Aim: Primary hyperparathyroidism (PHP) is associated with many chronic conditions. Polypharmacy may, therefore, be a feature of those people with PHP considered for parathyroidectomy. This study examines the medication profile of elderly people undergoing parathyroidectomy for PHP and the association of polypharmacy with long-term survival.
Materials and methods: A publicly available Australian administrative data source describing medical services and pharmacy dispensing between 2003 and 2015 was used. Persons undergoing parathyroidectomy for PHP aged >60 years were identified from procedure codes and their dispensing profile was examined in the year prior to surgery. Polypharmacy was defined as taking more than five concomitant medications. Survival following parathyroidectomy was assessed in relation to age and polypharmacy groupings.
Results: A total of 608 persons (461:147, F:M) undergoing parathyroidectomy for PHP (mean age 72.1 years) were recruited. The prevalence of polypharmacy in parathyroidectomy-treated persons was 42%. Polypharmacy prevalence and cardiovascular treatment prevalence increased with age but were lower than control groups.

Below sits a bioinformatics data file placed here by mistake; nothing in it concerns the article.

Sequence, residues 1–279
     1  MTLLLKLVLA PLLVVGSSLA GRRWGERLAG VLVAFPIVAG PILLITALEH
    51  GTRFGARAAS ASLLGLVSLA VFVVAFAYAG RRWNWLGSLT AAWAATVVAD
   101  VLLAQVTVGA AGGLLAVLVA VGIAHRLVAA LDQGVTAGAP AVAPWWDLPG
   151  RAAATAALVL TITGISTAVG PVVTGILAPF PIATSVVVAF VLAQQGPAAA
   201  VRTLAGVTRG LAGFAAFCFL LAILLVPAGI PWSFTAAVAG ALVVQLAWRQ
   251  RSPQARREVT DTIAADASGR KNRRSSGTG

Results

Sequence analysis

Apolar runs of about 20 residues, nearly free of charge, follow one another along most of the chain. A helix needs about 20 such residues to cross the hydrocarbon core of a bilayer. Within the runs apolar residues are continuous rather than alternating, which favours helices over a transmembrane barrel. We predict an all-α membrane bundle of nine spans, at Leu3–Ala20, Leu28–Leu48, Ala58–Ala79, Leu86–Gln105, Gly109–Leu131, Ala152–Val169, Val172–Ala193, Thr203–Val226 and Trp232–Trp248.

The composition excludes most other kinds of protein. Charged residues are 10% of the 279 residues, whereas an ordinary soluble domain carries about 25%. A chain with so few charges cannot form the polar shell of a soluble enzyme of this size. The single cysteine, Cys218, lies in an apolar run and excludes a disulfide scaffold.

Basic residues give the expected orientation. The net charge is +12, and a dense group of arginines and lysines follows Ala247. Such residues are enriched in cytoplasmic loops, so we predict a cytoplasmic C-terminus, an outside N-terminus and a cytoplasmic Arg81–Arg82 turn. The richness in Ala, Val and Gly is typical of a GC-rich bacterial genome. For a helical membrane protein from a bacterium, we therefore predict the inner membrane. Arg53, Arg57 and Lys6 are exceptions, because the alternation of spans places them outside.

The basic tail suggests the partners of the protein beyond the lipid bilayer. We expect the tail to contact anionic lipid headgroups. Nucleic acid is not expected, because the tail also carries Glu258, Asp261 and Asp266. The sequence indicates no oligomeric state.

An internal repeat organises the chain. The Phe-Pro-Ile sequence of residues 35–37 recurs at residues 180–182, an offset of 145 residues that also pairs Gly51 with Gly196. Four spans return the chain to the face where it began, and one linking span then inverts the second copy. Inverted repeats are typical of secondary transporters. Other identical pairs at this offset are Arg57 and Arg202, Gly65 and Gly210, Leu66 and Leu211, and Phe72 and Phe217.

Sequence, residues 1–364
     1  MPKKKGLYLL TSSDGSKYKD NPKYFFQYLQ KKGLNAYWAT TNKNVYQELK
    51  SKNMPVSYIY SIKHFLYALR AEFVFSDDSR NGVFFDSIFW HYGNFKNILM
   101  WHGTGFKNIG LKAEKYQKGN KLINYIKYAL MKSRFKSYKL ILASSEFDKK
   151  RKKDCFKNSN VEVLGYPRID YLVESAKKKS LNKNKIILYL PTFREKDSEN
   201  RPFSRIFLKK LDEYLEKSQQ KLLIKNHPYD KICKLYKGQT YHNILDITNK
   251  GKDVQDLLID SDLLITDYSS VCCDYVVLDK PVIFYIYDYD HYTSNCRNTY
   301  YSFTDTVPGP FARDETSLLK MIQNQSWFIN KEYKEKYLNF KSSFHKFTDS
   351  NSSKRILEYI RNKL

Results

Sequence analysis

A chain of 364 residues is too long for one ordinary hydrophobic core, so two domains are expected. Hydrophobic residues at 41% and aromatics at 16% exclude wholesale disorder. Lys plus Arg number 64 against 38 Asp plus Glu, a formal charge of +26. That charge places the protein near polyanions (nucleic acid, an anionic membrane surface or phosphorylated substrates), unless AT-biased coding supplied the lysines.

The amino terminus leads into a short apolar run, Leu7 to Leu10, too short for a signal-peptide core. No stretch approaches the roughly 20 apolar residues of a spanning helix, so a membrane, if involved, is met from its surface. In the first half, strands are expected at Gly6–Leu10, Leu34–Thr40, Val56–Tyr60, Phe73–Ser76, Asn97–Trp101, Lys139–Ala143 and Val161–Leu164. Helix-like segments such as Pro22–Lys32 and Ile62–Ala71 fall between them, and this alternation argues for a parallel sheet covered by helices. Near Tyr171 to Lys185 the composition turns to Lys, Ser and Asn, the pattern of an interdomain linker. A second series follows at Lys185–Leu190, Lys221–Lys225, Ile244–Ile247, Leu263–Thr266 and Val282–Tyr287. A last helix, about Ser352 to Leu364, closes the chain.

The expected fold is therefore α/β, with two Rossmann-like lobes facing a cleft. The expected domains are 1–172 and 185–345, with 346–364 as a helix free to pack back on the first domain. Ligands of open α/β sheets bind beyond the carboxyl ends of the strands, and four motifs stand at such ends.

Overall, 5-year survival following parathyroidectomy for PHP was 91% (controls 88%, log-rank 0.01) and was influenced by the level of polypharmacy in all groups. The elderly aged >75 years with polypharmacy had better survival following parathyroidectomy than controls (5-year survival 0.90 vs 0.77, log-rank 0.002).
Conclusion: The prevalence of polypharmacy and cardiovascular treatments in this elderly Australian cohort undergoing parathyroidectomy for PHP is lower than controls. The long-term survival of those aged >75 with polypharmacy is better than age-matched controls. It is likely that patients undergoing parathyroidectomy for PHP are a highly selected group.
Clinical significance: Administrative data can provide a perspective of people undergoing parathyroidectomy for PHP and examine survival outcomes. Presently, Australian surgeons are rigorous in the selection of elderly patients undergoing surgery such that long-term survival outcomes appear better than those observed in control populations.
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